As above in the Universal provision section, these six trials (four UK-based; two US-based) also investigated women’s satisfaction in addition to clinical outcomes. Chronologically, they were quite close together (published 1996–2000). Women’s satisfaction levels were lower in three studies ([4850]). Only one study showed a slight increase in satisfaction ([51]), although the sample size was very small (n = 43 intervention, n = 38 control). In Sikorski et al.’s study [48], dissatisfaction was assumed if the women would have preferred more visits in the intervention arm, or fewer visits in the control arm. It should be noted that reduced visit schemes have different connotations worldwide. The previous reduced visit model suggested by the WHO of at least four visits [52], for example, was usually only applied in low-income countries. The studies reported here were all in high-income countries, where the model tends to have a baseline for all women with increased visits for those with complications. The early trials in the 1990s started from a base of a higher number of antenatal visits (often up to 14); what was termed ‘reduced’ visits (ranging from six for multiparous women [48] to eleven [53]) is now close to the norm in high-income countries.

Three of the four SRs ([5456]) agreed that reduced visits did not result in detrimental clinical outcomes. Dowswell et al. [57] cautioned that if implemented in settings with limited resources, and where the number of visits was already low, further reductions might have a negative impact on perinatal mortality.

Multiple foci

As with the Universal Provision model, one SR examined a range of interventions aimed at reducing stillbirth, including one community-based midwifery-led intervention [42].

Augmented provision model

Trials within this model comprised additional care interventions and behavioural interventions that supplemented routine care (Table 5). See reference lists T5-1 and T5-2 (Additional file 1).

Interventions in Table 5 were ‘universal’ as they did not restrict eligibility based on risk, but standard antenatal care was augmented by additional/specific clinical, educational or behavioural interventions. We distinguish these from behavioural interventions that were targeted at ‘higher risk’ groups (such as obese women, or smokers), which fit our Targeted ‘higher risk’-based model.

Additional care interventions

These 13 trials mainly involved the intervention of an educational element of care, and focussed on diverse outcomes, such as epidural use ([58]), low birth weight ([59]), perceived breast feeding advice and support ([60]), infant feeding practices ([61]), general attitudes and behaviour ([62]) and health service use in the year after birth ([63]). There were therefore no intervention and outcome commonalities for comparison. One SR concluded that telephone support may assist in reducing low birth weight, postnatal depressive symptoms and smoking relapse, as well as increasing breastfeeding duration ([64]). However, the authors caution that there was diversity in the nature of the interventions in the small number of studies available for comparison. In chronological terms Elbourne’s 1987 study ([62]) was an outlier: all others were published between 2005 and 2013.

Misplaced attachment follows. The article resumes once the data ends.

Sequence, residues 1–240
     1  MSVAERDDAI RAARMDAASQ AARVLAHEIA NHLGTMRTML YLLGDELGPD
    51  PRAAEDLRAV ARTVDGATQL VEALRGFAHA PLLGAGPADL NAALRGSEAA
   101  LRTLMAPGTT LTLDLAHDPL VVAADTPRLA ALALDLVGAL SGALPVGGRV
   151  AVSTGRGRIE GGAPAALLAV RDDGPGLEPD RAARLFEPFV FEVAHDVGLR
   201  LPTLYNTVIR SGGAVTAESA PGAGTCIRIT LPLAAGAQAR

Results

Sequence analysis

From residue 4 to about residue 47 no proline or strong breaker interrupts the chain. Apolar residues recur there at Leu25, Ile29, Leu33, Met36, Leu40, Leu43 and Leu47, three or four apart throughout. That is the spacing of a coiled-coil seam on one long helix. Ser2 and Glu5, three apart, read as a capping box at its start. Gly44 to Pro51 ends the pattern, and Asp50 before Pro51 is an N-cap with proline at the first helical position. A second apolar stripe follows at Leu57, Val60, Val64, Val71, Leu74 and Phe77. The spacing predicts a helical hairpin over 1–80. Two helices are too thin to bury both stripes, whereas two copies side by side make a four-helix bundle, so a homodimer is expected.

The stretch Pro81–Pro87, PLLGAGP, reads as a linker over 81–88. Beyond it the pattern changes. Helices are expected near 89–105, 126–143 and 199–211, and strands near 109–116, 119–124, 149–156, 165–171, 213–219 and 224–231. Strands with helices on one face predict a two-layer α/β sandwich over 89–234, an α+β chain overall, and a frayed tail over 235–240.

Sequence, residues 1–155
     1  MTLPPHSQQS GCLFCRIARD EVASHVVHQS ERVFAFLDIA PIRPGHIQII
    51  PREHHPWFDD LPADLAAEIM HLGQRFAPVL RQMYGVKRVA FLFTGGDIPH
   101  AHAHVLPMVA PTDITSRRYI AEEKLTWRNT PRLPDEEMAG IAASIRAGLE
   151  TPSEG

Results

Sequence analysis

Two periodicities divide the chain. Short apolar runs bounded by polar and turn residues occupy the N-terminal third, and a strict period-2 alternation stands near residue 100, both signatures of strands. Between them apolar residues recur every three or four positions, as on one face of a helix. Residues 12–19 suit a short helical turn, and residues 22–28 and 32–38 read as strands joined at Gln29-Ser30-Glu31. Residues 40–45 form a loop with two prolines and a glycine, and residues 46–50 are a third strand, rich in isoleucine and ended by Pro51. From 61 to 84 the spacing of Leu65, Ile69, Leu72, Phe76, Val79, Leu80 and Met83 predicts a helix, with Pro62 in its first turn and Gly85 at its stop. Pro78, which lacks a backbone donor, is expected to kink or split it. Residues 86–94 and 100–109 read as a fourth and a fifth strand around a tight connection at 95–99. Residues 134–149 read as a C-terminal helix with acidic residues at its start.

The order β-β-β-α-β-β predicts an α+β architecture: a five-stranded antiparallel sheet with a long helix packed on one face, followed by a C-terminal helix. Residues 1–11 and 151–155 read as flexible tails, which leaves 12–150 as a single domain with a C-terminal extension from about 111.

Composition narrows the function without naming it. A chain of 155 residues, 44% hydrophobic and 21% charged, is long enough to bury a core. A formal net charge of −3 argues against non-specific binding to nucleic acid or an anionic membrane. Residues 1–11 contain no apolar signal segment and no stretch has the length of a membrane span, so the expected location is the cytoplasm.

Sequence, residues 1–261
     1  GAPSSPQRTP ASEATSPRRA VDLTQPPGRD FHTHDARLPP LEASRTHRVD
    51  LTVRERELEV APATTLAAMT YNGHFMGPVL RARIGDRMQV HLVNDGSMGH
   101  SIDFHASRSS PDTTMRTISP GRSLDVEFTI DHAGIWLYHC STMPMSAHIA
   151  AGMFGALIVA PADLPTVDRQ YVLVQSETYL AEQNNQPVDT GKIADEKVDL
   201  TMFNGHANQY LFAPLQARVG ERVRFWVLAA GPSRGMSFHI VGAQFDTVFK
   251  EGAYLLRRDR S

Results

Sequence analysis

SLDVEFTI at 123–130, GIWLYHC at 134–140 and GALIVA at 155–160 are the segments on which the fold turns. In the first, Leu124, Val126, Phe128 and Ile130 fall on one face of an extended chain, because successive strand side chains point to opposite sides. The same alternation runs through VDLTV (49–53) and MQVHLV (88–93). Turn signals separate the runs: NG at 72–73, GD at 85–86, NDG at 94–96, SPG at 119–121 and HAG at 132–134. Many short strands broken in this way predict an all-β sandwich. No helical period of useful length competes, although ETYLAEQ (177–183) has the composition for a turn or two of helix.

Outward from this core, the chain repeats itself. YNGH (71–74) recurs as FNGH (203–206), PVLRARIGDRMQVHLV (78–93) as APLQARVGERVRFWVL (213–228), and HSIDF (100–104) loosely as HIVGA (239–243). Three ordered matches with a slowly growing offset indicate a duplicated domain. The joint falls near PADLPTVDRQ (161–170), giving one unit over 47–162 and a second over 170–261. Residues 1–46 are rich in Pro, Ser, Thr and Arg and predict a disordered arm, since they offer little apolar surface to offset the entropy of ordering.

Behavioural interventions

These seven studies covered diverse interventions, including measures to address issues such as gestational weight gain ([65]), anaemia [66], and self-hypnosis [67] to improve the childbirth experience. The oldest date from 2009 [65, 66]. The interventions were integrated into the core care package, and available to all women, not only those with a specific need. For example, the two studies by Barakat et al. [66, 68] recruited healthy pregnant women to an exercise programme. The exercise programme trials by Stafne et al. [69] and Barakat et al. [68] also reported on gestational diabetes mellitus, but were not able to influence this outcome positively.

The Ruifrok et al. SR [70] included the earlier of the Barakat studies and Phelan et al. [71], as well as studies we list under Targeted ‘higher risk’-based provision. The Domenjoz et al. SR [72] covered 16 studies, only three of which we had identified. This discrepancy occurred because many of their included studies were separate from and not additional to antenatal care, and therefore did not report any pregnancy outcomes. They were thus not eligible for our review. One associated systematic review [73] (since updated) did not cover any of our identified papers, an anomaly explained by the eclectic nature of behavioural interventions and the inclusion criteria for meta-analyses. Sibley et al. [74] included Azad et al. [75] which we listed under ‘Community delivered interventions’ (see Table 3).

Targeted ‘higher risk’-based model

The review identified 67 trials that detailed risk-assessed targeted interventions. By ‘targeted’ here we mean that particular populations were targeted on the basis of some ‘higher risk’ calculation, not that particular outcomes were sought. This is a complex group of interventions, involving many different categories; what they have in common is that a particular risk-based factor was the principal criterion for trial eligibility. These trials are detailed in Table 6. See reference lists T6-1 to T6-7 (Additional file 1).

Population sub-groups with defined clinical, psychosocial and/or socio-demographic risk factors were the focus of these interventions, which ranged from managing anxiety and mental health issues, to reducing tobacco and alcohol consumption. Such a broad category defies easy classification, but it was noticeable that some sub-groups had temporal associations. For example, all but one of the ten studies aimed at trying to prevent preterm birth were published from 1990 to 2000, whereas the five studies focussing on obesity were all published after 2010.